Many of these midway civilizations were conquered by Islam from the seventh century on. A cumbersome presence in many senses. From the Arab or Mongolian conquests up to the end of the Ottoman Empire, the Asia that bore down on us Europeans was first of all the Muslim part. The Islamic question tinges our first religious approach to China with positive prejudices: the Christian missionaries went to seek an ally in the Celestial Emperor in the wars against the Sultans. The first shreds of information that we received from the Far East were sympathetic translations of Buddha and Confucius, for exquisitely diplomatic reasons. It is surprising to reread the Jesuits’ battle in defence of “Chinese rites” today.
Before the East meant for us spirituality, ascetism and detachment from earthly things, it became the place of modernity, wisdom, culture and good government. Part of the French Enlightenment – Voltaire first of all – admired the Celestial Empire. Important discoveries had come from there, for example, the navigation tools which had allowed the exploration of new continents. Printing and gunpowder were also Chinese before they became European. Voltaire, in particular, respectfully bowed down before the institution of the examinations to qualify as a mandarin: imperial China selected the top echelons of its public administration on the basis of public, meritocratic competitions, while in the French ancien régime the government roles were sold to the highest bidder or inherited by the descendants of nobility.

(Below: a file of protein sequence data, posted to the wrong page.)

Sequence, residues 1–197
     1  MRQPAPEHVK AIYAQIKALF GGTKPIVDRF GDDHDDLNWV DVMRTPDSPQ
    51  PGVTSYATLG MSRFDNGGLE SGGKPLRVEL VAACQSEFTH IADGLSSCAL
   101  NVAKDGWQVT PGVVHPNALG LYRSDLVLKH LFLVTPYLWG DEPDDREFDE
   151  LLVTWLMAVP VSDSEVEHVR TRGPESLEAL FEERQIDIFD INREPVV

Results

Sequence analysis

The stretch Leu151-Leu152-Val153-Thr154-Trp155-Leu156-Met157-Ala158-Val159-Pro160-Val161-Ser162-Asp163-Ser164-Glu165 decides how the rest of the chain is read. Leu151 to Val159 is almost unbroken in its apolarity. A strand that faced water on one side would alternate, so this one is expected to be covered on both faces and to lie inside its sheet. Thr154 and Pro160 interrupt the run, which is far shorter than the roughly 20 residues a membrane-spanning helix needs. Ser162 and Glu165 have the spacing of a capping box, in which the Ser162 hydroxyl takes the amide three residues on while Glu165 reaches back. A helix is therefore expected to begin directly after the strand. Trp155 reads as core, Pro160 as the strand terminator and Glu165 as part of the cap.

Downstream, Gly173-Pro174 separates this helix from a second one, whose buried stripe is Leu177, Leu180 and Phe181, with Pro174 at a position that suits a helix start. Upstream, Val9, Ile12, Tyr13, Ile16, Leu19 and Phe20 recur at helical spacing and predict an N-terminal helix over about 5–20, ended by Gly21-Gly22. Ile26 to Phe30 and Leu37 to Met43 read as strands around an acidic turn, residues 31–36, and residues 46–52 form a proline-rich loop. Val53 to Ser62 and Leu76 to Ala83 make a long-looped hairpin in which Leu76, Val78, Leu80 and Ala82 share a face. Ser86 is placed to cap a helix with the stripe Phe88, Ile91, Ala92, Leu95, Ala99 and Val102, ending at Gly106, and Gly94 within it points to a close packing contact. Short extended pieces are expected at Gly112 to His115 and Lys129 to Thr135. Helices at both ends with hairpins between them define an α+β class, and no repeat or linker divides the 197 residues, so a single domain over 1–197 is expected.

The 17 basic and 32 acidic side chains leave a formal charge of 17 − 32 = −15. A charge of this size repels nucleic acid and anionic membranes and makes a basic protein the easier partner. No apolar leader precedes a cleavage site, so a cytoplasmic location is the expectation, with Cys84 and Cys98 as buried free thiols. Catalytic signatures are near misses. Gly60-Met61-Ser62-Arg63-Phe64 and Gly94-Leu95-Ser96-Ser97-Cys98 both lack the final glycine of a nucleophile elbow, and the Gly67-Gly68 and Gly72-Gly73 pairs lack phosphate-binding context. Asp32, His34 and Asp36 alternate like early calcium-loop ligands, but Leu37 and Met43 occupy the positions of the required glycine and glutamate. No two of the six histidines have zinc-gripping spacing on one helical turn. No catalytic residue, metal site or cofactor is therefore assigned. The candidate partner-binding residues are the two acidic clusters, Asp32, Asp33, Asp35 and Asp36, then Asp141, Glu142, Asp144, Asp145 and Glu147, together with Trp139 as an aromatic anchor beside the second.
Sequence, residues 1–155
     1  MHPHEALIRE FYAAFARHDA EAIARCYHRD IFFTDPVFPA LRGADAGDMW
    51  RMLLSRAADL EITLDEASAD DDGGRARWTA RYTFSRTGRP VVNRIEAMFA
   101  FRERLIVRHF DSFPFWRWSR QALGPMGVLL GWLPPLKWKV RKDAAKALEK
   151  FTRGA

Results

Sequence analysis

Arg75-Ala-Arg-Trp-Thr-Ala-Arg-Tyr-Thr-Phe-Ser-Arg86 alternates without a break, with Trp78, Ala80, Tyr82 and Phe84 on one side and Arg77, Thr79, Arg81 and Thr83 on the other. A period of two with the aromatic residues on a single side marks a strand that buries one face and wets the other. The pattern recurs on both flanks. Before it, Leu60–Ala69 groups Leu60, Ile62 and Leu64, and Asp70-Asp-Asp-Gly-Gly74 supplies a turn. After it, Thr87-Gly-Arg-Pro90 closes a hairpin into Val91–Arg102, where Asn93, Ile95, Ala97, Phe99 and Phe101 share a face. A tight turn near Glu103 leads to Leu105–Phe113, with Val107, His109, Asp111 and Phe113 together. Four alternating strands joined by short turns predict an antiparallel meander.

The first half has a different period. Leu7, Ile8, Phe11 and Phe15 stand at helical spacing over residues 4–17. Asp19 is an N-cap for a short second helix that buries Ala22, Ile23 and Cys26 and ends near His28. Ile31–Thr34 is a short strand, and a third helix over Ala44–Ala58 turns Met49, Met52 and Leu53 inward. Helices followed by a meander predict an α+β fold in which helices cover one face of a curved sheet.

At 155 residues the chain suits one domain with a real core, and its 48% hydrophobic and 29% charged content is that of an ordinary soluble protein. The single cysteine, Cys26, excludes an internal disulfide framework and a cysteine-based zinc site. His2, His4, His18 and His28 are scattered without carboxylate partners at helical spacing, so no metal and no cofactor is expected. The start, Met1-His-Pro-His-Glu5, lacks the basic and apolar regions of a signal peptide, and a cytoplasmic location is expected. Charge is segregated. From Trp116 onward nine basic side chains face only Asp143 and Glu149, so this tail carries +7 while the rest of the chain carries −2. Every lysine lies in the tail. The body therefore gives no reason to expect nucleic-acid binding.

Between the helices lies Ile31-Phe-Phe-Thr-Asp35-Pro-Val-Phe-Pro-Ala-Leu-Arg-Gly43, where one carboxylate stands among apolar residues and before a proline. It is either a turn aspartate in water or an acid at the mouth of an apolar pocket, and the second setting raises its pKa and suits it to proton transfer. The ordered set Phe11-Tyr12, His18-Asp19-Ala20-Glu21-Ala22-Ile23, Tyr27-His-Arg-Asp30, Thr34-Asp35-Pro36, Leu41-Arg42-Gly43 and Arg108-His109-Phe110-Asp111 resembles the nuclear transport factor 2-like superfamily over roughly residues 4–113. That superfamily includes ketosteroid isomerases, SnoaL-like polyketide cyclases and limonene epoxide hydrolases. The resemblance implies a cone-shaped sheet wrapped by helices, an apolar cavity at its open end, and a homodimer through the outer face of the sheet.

The kingdom of silence, the spirit, transcendency, the East became so for us after the first Industrial Revolution. It was above all German Romanticism during the nineteenth century that imposed two convictions: that India was the primordial cradle of all our civilizations; that Buddhism was an antidote to the evils of modernity. Asia was reinvented, rediscovered and relaunched in a new light: after the German Romantics, Nietzsche and Schopenhauer arrived. Then Hermann Hesse with Siddharta, a novel of self-discovery that has formed generations of young Europeans and Americans. A thread joins Siddharta to the Beat poets of the 1950s; to the San Francisco Summer of Love (1967) where a whole generation of young Americans discovered the sitar of Ravi Shankar and yoga; to The Beatles’ journey to India to the source of the Ganges the year after.
Even further east, Japan influences us in more subtle ways. It is the minimalism of its architecture, its design, that conquered for example Steve Jobs (founder of Apple) and with him the technological world of California’s Silicon Valley. Together with sushi or the vegan diet, “zen” has been a fashionable adjective in everyday language in America since the 1990s. A way of conceiving life. The idea is that behind the universe of Japanese forms there is also a system of values, where we can find a lost serenity.